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Hume and Frydenberg reset super with two buzz words

Adding to the jargon that fills the superannuation industry and confuses most people, two common words have taken on new meanings. They sound innocent, but when a Morrison Government minister uses the words ‘efficiency’ and ‘flexibility’ in the super debate, they now have particular definitions. And in neither case is it the way we previously understood superannuation.

Let’s find out what these words really mean.

Government draws on Retirement Income Review for changes

It’s unlikely to make it on to commercial television or trend on social media, but last week’s 2021 Policy Forum hosted by the Council on the Ageing (COTA) was a surprisingly lively affair. While both Treasurer Josh Frydenberg and Minister for Superannuation, Financial Services and the Digital Economy, Senator Jane Hume, have hinted at changes to superannuation before, they stepped up the rhetoric to another level. Some principles that have underpinned superannuation since the introduction of the Superannuation Guarantee in 1992 are under challenge.

The Policy Forum was also the first time that the three members of the Retirement Income Review appeared in public to explain their work. Chair Mike Callaghan did not hold back, saying that the industry trades off the public's fear of running out of money in retirement, and he audaciously cited former Prime Minister Paul Keating as an example of someone using scare tactics.

Committee members Carolyn Kaye and Deborah Ralston talked about the need for better communication and for retirees to understand a wide range of support measures other than superannuation, such as health, pensions and aged care.

So there was much deflection from the importance of super, and as we have previously written about, the Review encourages retirees to live off their capital and raises the profile of the family home as a retirement asset.

This momentum is reducing the role of income from super investments as the way to fund a retirement, and it’s no surprise that Paul Keating comes out regularly to defend the system he feels is under attack. Two weeks before the COTA Forum, he told the ASFA Conference that it is essential to stick to the legislated increases in SG due to the rapid reduction in the number of workers paying taxes to finance welfare dependants such as age pensioners. He said ‘self provision’ must grow because:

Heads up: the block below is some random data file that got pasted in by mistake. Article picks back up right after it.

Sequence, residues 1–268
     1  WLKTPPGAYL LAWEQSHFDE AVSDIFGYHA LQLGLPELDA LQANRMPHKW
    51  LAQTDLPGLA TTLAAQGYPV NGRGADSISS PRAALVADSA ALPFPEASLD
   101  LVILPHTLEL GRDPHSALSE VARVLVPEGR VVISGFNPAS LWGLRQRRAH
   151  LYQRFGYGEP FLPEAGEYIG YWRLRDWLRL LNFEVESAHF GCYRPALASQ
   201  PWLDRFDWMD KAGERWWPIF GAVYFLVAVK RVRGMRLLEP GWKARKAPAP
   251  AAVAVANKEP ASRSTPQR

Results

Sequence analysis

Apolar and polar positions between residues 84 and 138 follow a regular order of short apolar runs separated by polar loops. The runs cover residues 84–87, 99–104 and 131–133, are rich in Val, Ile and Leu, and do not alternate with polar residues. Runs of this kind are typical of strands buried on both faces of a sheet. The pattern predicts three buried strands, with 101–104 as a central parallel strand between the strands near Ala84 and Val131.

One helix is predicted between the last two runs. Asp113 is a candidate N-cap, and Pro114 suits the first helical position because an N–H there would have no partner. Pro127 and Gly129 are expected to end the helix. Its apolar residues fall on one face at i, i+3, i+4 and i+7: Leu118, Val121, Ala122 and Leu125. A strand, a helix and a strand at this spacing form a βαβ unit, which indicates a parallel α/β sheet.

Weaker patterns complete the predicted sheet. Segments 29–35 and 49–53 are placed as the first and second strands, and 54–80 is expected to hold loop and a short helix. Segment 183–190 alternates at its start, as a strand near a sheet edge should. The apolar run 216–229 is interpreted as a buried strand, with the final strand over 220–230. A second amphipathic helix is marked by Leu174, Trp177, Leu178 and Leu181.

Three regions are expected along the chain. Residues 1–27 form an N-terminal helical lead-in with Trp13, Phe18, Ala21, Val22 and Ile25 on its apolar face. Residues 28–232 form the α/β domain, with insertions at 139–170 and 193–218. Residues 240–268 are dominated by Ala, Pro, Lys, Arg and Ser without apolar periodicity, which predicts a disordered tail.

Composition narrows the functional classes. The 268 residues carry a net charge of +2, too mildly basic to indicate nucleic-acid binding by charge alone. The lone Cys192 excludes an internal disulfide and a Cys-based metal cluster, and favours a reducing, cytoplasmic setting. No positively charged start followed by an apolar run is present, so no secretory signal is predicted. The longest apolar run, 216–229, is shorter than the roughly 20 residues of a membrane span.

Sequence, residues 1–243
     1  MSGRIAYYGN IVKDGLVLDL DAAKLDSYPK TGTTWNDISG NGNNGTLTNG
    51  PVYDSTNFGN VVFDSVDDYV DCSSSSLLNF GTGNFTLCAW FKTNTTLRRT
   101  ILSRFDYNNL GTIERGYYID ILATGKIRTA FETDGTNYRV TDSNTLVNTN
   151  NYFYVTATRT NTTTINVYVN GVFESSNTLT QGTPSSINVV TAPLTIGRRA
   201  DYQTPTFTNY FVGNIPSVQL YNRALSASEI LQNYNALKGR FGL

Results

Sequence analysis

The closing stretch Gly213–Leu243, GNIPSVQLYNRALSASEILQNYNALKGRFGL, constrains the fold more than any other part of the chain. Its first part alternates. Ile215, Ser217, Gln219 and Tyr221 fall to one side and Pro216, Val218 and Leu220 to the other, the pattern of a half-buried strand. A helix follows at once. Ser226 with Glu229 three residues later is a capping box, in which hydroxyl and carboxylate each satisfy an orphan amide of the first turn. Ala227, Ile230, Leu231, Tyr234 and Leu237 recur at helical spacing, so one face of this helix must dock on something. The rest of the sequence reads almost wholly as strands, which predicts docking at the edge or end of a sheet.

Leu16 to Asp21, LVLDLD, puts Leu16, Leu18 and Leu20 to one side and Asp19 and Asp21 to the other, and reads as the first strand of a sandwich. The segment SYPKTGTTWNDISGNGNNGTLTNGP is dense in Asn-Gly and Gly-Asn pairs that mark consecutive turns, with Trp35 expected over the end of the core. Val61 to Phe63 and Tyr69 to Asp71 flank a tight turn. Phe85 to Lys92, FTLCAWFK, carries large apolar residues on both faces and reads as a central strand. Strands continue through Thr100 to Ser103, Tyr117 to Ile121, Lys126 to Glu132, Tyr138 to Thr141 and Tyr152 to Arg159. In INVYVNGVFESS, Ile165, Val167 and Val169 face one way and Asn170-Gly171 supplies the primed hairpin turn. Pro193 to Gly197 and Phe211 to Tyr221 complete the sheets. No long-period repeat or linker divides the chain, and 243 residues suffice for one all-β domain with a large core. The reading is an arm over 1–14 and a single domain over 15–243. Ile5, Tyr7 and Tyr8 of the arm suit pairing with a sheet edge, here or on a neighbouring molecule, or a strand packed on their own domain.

“You are never going to get retirement adequacy off the back of the budget when there are only three taxpayers supporting each retiree.”

Back to Frydenberg and Hume, here are some telling extracts from their COTA speeches, and words on the hymn sheet which have new meanings.

All we need are flexibility and efficiency

The Treasurer and Superannuation Minister are reframing the retirement debate in key ways:

  • Retirees should not have a better standard of living than when they were working.
  • Retirees should spend their superannuation savings before they die.
  • Workers should not be forced to place excessive amounts into superannuation.

Previously, and especially under Keating, the public was encouraged to save as much as possible for retirement to reduce dependency on the age pension. Now, the Government repeatedly uses the words efficiency (or efficiently) and flexible (or flexibility) to justify a new approach.

Let’s check the two speeches for clues. Jane Hume said at the start of her speech (bolding is my emphasis):

“The Review found that ‘more efficient use of savings in retirement can have a bigger impact on improving retirement income than increasing the SG’.”

For ‘more efficient’, read not leaving it behind for the kids. There is less need for SG when retirees learn to live off their capital. She said that retirees on average live on the income generated by super assets and die with 90% of their savings still intact. That is not what superannuation is for.

“Indeed the Review found if people currently in their working lives and currently contributing to super via the SG were able to use their superannuation more efficiently when they get to retirement in the future, they would have higher replacement rates and better retirement outcomes than if the SG was lifted to 12%.”

Come on, folks, it’s obvious. BE MORE EFFICENT.

And what about the other gem, flexible. Here it comes, complete with another ‘efficient’:

“This is why as a government and as an industry more broadly we must turn our minds to more flexible and more efficient products that allow retirees to use their super for a higher standard of living in retirement.”

How is it possible to make people feel more secure about spending when they may run out of money and worry about paying for aged care? Greater efficiency of course:

“But there is also this all-important issue how superannuation is being used. How do we help people have confidence to use their superannuation more efficiently to focus their planning on income streams as opposed to balances?”

So what is this magic pudding of products which funds retirement regardless of how long people live, the so-called CIPRs that are proving elusive for the private sector to develop? We need flexibility: